Do you check in on your recovery? Lyme Recovery for many is not a straight line trajectory. Make sure that there is continued growth and healing. Look for progress overall and set some measurable targets. Do this to stay engaged with your own recovery. Don’t settle or stop moving forward because it is taking longer than you thought.
Are you where you want to be health wise and life wise in your recovery? If not what do you need to do to move into the next level of Lyme recovery. Find new ways to make life full and interesting. Identify the treatment help you need and bring it into your health care recovery plan.
The people helping you need to support your goals and have the tools to help you architect change. That might mean new or different team members on your health care team. Members of my team have changed as my needs change. I know that I need to examine and push out all the boundaries that were created in the thick of Lyme disease.
What does your Lyme Recovery Project Look Like?
I look at several areas in my life to measure my progress. I assess my physical, mental & emotional capability as well as how I spend my time. What do you assess? How do you celebrate improvement? Please share in the comments below.
Are your physical capabilities shrinking or growing?
My balance, strength and flexibility were all weakened by Lyme disease. At my sickest, I could hardly walk. Stairs were a major challenge; I went up them one at a time and had to hold on. I couldn’t even sit still for very long, I brought a special chair everywhere. My balance tested worse than the average 90 year old.
Does this sound familiar?
Now I exercise nearly every day. Walking and classes have helped me regain strength. Initially I worked out alone, because I had to adapt everything based on my low strength and endurance. Recently I decided to take a gentle yoga class and a gentle Barre class in part to get stronger and in part to get a good sense of my capability. This is measurable progress.
How are you processing Emotions and Stress with Mental challenges?
For much of my life, I lived as a stress bomb. Worry has been my go to emotion. In the worst of my Lyme, I was full of rage and anxiety. I would forget why I opened a cabinet door or in the middle of driving somewhere have to pull over to remember where I was going and why.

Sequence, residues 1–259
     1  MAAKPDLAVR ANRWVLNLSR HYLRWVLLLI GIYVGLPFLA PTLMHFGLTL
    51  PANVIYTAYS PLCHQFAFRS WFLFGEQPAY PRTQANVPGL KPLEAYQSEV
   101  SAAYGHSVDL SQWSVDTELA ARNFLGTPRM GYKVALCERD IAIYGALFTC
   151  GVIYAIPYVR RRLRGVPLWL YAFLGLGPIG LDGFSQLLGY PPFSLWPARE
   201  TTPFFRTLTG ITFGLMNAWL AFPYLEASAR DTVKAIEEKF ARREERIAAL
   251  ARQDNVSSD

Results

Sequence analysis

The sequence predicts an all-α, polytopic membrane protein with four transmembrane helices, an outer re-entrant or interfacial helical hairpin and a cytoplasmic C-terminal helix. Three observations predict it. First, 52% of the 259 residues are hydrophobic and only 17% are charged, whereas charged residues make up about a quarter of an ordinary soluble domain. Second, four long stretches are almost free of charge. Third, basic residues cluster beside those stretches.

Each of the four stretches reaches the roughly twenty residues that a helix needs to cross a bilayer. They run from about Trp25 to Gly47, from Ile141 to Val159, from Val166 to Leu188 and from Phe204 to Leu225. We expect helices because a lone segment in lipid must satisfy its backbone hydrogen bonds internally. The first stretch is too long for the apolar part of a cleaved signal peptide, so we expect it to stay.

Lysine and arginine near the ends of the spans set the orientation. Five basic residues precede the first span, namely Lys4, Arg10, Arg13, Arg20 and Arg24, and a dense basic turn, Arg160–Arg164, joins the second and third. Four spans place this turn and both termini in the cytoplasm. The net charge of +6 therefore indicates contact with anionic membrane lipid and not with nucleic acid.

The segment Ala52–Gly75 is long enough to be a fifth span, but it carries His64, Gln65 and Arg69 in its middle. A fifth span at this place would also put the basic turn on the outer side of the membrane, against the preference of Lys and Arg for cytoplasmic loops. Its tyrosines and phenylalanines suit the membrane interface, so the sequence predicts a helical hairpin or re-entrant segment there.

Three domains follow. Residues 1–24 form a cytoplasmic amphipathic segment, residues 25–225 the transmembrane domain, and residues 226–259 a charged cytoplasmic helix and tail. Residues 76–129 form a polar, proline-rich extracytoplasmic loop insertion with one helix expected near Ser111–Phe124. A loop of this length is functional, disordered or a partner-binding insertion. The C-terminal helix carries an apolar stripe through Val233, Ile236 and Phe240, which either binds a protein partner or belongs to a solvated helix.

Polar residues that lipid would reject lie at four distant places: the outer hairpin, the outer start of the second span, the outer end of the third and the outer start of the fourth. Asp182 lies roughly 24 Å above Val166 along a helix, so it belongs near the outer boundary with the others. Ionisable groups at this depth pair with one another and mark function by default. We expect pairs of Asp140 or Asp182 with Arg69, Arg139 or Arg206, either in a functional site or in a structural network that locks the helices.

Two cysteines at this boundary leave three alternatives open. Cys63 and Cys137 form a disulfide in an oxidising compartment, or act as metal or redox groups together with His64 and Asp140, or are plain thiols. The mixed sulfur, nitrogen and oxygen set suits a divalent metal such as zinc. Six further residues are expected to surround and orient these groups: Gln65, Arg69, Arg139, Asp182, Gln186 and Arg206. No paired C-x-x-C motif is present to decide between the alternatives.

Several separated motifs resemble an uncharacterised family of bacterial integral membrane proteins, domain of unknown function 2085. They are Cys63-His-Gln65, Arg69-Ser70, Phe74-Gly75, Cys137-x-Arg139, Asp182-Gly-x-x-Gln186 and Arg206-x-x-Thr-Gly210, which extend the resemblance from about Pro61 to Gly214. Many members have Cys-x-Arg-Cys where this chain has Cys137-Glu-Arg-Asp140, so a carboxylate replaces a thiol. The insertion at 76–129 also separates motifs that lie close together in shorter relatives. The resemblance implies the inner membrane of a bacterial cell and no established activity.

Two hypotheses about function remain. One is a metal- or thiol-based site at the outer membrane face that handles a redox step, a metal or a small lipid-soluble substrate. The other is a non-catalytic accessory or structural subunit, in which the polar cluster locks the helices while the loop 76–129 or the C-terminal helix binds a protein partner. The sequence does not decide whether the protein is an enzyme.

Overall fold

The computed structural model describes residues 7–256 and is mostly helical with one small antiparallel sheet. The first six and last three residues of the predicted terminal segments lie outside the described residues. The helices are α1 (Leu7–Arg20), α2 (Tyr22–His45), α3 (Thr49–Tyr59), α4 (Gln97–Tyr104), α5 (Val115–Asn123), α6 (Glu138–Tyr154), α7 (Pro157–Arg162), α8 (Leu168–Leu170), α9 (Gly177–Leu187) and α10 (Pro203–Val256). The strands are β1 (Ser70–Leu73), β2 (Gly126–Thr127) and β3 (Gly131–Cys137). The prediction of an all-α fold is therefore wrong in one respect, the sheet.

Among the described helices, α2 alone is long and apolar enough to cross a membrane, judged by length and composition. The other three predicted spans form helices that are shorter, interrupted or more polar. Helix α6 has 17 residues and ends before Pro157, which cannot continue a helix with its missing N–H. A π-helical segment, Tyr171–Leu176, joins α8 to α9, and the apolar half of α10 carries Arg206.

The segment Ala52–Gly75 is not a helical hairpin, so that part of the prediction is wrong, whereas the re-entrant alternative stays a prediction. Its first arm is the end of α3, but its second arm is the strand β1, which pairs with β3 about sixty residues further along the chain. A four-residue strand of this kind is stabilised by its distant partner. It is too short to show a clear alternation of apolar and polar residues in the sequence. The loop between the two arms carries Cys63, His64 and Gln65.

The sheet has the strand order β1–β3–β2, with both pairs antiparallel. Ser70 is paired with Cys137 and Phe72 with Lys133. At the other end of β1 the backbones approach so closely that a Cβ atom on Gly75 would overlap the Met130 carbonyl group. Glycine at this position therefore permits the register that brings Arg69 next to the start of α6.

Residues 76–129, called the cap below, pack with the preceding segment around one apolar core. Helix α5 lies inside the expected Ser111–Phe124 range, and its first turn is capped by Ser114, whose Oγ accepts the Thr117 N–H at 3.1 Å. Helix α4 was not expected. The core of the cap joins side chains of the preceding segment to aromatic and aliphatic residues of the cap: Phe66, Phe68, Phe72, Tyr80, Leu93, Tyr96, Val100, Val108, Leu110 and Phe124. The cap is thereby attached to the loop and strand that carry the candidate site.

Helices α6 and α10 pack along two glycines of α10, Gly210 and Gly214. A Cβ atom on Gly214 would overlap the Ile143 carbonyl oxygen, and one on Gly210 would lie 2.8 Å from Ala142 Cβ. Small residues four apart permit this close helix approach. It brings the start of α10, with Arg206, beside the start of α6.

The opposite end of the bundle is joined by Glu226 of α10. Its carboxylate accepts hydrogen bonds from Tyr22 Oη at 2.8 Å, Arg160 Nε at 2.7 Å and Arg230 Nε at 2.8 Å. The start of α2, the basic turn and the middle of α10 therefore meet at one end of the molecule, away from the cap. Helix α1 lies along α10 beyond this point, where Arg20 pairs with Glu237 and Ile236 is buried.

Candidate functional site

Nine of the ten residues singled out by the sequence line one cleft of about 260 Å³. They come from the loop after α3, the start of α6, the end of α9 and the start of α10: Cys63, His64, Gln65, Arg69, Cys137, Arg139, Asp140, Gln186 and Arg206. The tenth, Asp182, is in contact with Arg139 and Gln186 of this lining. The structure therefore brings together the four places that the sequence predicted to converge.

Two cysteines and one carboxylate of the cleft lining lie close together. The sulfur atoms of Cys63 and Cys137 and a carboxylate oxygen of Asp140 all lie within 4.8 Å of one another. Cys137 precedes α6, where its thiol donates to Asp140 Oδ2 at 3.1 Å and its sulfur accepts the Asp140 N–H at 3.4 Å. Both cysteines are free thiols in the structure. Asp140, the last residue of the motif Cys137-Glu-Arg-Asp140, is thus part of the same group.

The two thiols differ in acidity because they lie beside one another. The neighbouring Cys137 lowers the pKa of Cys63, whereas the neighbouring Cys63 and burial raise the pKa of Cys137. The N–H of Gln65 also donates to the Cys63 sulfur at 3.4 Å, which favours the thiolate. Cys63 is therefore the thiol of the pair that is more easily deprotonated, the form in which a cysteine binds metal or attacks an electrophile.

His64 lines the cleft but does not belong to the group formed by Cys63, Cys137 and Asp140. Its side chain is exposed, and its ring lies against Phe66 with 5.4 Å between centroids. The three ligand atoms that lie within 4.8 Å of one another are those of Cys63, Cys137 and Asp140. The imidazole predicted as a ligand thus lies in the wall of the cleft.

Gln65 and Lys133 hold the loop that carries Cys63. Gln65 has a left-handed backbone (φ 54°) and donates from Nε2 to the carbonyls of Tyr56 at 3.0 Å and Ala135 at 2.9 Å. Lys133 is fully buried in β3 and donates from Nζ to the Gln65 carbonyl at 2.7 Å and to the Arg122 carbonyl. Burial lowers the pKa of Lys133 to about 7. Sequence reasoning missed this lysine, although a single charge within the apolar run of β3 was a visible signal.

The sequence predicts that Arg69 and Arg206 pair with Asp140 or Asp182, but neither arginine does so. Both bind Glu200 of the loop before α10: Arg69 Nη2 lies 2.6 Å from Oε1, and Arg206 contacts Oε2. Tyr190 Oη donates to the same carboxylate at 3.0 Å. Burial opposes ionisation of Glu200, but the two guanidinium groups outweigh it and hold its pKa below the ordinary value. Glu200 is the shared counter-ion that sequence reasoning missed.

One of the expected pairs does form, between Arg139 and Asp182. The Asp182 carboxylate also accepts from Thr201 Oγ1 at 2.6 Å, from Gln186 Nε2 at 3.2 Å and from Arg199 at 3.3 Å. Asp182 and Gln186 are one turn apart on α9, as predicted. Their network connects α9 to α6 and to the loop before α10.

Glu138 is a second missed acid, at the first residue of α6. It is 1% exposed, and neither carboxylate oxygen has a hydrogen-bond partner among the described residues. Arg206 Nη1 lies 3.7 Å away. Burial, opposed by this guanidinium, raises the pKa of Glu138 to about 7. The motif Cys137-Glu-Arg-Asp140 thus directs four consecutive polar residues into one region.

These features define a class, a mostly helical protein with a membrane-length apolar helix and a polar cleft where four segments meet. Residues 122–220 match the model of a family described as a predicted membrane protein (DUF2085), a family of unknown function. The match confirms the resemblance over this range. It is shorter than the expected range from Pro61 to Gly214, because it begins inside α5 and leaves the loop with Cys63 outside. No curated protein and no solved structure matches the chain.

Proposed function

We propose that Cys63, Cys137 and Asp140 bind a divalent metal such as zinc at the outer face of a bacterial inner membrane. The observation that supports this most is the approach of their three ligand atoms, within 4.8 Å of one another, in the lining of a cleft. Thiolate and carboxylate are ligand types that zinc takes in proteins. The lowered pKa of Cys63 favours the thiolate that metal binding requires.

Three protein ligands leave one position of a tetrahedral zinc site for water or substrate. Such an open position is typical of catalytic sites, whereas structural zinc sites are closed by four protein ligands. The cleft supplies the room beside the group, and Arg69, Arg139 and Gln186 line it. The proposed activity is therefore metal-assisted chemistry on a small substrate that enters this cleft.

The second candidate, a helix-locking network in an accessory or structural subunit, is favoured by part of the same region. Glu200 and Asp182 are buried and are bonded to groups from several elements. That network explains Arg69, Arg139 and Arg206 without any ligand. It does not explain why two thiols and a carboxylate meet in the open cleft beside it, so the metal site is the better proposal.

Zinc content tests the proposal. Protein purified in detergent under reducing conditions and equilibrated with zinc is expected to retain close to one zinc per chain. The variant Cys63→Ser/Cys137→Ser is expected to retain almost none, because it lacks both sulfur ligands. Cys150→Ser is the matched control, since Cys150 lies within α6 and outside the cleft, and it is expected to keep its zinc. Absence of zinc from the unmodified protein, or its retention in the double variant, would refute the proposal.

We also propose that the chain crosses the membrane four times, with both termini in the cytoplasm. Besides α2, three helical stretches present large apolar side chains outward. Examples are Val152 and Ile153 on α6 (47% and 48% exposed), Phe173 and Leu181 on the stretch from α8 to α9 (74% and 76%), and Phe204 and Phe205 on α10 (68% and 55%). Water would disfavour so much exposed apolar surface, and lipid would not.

Now the fullness of my life has to be set in part on my ability to handle the stress and emotions in a healthy way. In the past I used food and other destructive habits to block my feelings.
This cannot work anymore, healthier habits need to take precedence. Otherwise I am setting myself up to overextend and invite a relapse. All these negative emotions set up a hormonal environment that hurts not heals. Anger, Anxiety, Fear put up walls that will shrink my life rather than go it.
Creating a life that is rich, full and easeful is and has been a challenge in my life, I know I need to build capacity and set structures in place for healthy emotional release. Shift my operating paradigm to engage challenge as play, and become more comfortable with choice and learning. I am adding work to my schedule in a gradual way watching my response.
Can You do more each day?
When I was first diagnosed with Lyme disease, I spent a significant amount of time with my health care team. I had multiple appointments each week with my doctors, therapist and other care provider. In addition I spent hours each day meditating, on self care. Healing was my occupation.
Now while I still get occasional help from my team, I am not going to the doctors every week and can be much more productive. I have more balance. My time goes to writing, working, teaching and helping others as well as self care.
But I need to pace myself to support my continuing recovery. I put anchors in place around taking my medicines, my selfcare and my rest. I measure my performance. Self Care comes before come before accomplishment for me. It is part of the package. How about you?
The information provided on this website is not a substitute for professional medical care, treatment or advice. All the material here is for information purposes only. Always share strategy and work with your health care team.